If you have children, you understand the rhetorical value of misdirection.
When I was a boy, two of my brothers and I were in the kitchen downstairs with Nan, when we heard a loud crash upstairs.
Nan hollered up the staircase at our other brother, “What are you doing up there?”
His answer was immediate, in just two words: “Coming down.”
And so he did.
We all agreed it was a masterful answer, in that it was both true, and it deflected any real truth-telling. We never did find out what caused the crash.
President Obama is less skilled than my little brother. After all, Obama’s deflection during last night’s immigration speech took three words — 50 percent more.
Here are those three words: “Pass a bill.”
Here’s the context…
Obama: “And to those members of Congress who question my authority to make our immigration system work better or question the wisdom of me acting where Congress has failed, I have one answer: Pass a bill. I want to work with both parties to pass a more permanent legislative solution. And the day I sign that bill into law, the actions I take will no longer be necessary.
The rest of his speech comprised vague allegations of racism and hate against anyone who opposes him, along with heart-rending images (“ripping children from their parent’s arms”), straw-man arguments about mass deportations, and some tough-on-crime rhetoric about gangs and thugs.
All of this is precisely irrelevant.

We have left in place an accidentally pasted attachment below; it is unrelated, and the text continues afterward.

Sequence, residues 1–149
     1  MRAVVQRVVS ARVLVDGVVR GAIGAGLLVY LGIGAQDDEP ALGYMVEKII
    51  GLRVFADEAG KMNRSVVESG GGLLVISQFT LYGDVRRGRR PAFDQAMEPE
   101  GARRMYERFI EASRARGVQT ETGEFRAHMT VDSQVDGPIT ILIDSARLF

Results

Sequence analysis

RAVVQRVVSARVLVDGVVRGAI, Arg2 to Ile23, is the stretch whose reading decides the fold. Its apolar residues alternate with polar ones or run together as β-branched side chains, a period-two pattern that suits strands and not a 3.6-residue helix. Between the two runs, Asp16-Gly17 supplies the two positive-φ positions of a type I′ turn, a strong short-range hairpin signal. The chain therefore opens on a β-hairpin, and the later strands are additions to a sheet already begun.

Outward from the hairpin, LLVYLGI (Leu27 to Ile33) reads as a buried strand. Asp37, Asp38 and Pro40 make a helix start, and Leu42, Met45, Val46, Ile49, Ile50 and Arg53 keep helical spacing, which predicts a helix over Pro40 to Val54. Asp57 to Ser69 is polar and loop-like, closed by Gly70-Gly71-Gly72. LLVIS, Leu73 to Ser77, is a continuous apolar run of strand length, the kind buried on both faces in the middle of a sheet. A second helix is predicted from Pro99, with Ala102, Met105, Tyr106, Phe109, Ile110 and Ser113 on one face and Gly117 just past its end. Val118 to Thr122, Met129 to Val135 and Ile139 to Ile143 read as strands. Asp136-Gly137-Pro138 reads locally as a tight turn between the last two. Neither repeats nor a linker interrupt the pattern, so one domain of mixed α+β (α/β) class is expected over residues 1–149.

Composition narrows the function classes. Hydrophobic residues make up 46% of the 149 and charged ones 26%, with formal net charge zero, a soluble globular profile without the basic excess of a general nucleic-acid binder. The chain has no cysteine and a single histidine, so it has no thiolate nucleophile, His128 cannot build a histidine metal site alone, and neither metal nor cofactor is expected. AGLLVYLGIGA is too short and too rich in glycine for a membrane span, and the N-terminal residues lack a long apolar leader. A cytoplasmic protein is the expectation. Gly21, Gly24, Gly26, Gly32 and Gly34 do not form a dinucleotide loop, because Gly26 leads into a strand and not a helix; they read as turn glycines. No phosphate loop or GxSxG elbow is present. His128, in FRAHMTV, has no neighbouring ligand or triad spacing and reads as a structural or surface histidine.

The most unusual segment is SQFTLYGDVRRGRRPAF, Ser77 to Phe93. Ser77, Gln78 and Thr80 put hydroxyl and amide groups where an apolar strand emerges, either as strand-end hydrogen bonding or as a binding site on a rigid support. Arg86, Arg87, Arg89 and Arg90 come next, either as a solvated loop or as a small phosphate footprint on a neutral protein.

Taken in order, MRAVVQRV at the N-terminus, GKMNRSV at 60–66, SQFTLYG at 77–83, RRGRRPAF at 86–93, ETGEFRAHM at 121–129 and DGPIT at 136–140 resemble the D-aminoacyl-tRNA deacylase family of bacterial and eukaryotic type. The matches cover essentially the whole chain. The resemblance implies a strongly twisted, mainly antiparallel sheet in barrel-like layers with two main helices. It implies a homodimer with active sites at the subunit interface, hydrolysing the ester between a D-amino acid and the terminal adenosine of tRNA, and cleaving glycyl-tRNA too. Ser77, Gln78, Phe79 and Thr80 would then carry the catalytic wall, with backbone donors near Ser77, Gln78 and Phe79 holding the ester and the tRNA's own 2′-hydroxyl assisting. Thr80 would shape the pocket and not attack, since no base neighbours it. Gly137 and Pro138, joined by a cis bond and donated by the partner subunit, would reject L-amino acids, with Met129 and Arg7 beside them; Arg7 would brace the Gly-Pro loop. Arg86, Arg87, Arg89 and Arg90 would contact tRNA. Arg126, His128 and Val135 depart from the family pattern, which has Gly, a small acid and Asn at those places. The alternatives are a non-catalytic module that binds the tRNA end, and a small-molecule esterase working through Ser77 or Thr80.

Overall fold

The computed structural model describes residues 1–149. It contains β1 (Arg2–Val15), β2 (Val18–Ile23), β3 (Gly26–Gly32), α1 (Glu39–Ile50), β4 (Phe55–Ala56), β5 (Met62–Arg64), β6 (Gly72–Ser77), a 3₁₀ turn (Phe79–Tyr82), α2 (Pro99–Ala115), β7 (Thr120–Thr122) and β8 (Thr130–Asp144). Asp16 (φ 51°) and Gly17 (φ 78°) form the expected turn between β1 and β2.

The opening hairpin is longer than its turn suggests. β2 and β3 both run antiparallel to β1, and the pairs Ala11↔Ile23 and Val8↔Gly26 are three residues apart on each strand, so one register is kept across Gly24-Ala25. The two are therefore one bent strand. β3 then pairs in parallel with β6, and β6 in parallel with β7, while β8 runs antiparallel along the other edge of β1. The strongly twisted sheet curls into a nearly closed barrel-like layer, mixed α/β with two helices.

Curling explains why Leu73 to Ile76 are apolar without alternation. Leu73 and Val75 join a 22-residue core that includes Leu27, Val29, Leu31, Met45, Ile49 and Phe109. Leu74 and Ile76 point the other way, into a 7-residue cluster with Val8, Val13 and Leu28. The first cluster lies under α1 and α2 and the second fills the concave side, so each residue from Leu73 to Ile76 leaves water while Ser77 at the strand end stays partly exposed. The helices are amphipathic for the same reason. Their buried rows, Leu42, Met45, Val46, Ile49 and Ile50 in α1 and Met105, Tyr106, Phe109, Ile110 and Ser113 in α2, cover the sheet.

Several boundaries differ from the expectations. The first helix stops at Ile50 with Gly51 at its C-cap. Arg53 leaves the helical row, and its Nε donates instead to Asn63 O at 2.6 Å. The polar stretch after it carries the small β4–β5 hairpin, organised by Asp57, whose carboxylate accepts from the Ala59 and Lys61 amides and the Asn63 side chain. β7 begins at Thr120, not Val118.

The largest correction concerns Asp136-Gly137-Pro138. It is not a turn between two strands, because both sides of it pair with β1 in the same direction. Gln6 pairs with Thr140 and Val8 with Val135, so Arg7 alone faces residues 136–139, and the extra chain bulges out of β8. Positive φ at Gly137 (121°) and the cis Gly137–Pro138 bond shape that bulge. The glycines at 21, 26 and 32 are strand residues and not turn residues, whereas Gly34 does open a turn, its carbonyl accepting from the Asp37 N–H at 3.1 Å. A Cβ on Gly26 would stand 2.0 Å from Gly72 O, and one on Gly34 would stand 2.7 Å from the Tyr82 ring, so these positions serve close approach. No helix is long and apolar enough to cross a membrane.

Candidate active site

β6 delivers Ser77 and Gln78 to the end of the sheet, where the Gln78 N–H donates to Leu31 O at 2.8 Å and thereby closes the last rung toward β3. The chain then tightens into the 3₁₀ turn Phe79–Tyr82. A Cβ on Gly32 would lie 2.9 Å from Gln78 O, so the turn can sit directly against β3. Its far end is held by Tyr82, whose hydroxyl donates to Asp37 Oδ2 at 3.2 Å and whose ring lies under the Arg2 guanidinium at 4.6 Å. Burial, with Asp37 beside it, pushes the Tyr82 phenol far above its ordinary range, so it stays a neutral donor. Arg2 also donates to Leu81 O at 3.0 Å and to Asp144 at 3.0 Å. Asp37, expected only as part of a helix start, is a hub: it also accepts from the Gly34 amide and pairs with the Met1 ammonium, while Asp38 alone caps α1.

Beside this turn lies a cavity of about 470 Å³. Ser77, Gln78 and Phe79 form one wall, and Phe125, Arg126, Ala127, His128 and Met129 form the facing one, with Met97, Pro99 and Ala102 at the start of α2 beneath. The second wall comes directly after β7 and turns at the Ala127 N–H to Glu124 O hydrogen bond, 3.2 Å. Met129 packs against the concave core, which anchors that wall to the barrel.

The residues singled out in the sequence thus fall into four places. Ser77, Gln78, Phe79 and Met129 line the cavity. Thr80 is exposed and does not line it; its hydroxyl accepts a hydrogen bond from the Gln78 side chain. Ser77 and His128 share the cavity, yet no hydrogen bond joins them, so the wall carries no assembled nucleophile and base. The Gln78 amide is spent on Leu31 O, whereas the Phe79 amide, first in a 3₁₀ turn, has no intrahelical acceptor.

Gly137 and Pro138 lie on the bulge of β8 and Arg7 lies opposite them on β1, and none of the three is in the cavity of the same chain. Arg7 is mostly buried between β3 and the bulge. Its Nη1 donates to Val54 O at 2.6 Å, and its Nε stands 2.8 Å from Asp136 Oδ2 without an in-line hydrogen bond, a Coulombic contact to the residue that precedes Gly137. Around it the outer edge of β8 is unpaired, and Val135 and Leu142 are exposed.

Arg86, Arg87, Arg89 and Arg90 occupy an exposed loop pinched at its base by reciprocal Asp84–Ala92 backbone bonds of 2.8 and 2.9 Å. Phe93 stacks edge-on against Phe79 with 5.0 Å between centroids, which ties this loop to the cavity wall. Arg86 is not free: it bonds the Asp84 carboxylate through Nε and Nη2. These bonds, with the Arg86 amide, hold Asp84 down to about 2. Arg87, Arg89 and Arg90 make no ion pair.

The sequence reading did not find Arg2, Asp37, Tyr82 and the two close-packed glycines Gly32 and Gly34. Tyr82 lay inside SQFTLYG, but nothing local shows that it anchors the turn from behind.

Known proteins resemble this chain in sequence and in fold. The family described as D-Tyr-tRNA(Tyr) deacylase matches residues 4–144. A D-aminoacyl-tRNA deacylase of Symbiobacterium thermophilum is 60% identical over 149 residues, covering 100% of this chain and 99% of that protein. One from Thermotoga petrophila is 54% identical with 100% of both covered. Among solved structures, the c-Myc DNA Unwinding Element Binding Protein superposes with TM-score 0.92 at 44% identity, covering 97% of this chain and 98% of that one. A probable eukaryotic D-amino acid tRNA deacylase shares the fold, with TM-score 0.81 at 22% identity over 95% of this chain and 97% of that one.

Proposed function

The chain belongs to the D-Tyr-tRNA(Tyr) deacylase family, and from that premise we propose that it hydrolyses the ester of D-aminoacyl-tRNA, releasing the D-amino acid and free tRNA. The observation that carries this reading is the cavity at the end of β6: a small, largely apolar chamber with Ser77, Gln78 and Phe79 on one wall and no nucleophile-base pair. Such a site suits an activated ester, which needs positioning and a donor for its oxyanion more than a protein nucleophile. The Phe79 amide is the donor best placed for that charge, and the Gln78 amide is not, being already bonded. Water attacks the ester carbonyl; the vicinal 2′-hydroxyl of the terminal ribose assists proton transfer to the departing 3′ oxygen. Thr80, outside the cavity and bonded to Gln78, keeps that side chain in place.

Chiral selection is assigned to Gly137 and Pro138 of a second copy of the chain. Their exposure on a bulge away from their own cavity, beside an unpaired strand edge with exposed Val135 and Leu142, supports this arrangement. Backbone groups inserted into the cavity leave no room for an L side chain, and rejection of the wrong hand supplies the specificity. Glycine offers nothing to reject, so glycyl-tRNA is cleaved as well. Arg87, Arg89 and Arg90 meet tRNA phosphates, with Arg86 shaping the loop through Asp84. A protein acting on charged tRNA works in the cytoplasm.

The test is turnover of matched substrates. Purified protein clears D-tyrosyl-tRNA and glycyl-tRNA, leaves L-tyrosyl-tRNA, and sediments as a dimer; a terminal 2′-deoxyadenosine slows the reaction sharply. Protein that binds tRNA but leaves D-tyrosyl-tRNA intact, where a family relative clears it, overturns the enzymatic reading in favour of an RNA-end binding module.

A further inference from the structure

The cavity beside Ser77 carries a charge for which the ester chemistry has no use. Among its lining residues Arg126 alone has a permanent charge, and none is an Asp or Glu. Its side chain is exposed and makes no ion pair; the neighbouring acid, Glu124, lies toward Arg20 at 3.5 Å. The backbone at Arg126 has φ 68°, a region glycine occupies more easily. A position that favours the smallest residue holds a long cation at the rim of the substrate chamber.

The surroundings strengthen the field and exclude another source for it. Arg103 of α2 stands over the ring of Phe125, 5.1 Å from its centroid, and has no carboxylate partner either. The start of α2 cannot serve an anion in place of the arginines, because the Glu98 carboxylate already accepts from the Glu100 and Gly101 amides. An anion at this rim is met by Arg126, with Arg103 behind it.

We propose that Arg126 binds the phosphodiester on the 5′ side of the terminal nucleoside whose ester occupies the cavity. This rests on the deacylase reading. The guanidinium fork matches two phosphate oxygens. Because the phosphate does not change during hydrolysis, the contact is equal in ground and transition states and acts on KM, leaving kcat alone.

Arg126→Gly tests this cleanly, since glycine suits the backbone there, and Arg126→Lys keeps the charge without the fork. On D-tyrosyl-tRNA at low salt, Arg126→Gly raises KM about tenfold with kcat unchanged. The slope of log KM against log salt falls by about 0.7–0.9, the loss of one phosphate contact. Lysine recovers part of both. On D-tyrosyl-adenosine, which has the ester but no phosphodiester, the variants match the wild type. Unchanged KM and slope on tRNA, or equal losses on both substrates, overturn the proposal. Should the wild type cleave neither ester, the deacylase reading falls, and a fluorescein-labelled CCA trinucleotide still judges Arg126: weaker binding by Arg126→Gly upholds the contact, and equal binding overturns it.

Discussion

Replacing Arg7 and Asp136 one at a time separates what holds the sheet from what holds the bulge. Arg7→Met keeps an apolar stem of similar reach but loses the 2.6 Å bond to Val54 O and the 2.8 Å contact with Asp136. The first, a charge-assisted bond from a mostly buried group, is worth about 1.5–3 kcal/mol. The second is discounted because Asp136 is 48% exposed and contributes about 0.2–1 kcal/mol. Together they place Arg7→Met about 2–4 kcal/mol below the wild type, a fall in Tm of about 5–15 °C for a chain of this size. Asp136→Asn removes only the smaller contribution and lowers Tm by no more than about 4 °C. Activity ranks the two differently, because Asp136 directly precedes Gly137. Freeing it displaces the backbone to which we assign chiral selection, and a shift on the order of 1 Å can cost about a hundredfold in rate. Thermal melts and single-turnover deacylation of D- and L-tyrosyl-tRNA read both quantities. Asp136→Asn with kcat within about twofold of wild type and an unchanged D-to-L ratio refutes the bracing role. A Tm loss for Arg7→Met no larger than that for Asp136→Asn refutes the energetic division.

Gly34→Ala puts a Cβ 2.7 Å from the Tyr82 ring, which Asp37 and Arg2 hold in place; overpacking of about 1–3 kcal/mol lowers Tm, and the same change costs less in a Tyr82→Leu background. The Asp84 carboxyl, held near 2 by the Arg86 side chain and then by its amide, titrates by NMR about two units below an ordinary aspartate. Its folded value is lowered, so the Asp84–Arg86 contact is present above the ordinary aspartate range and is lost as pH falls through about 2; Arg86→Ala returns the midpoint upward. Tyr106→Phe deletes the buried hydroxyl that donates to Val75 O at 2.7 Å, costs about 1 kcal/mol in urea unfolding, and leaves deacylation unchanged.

The problem with Obama’s actions has nothing to do with the immigrants, their struggles and their aspirations, nor with America’s failure to effectively address its illegal immigration challenge. It has everything to do with a president setting a precedent that U.S. law can be set aside by the executive at will. He’s not “acting where Congress has failed,” he’s usurping the constitutional role of Congress to establish a “uniform rule of Naturalization.” [U.S. Constitution: Article I , Section 8, Clause 4]
He’s also not striving “to make our immigration system work better.” If that were true, he’d merely step up efforts to enforce existing law, streamline the process for the many decent, law-abiding folks eager to take the oath of citizenship, and stop beckoning illegals northward with an implied promise of amnesty.
Let me be clear (as he would say), I’m not arguing with the president.
He and I already agree that he lacks the authority to do this.
You see, if Obama had legal counsel outlining why his immigration actions were appropriate and constitutional, he would have recited chapter and verse. Instead, he raised the only real objection, and then simply set it aside without refuting it. Further, he actually blamed his opponents for forcing him to take illegal action.
Since we have his confession, before a great cloud of witnesses, here are two, very direct, words for Rep. John Boehner and Sen. Mitch McConnell: “Repeal Obamigration.”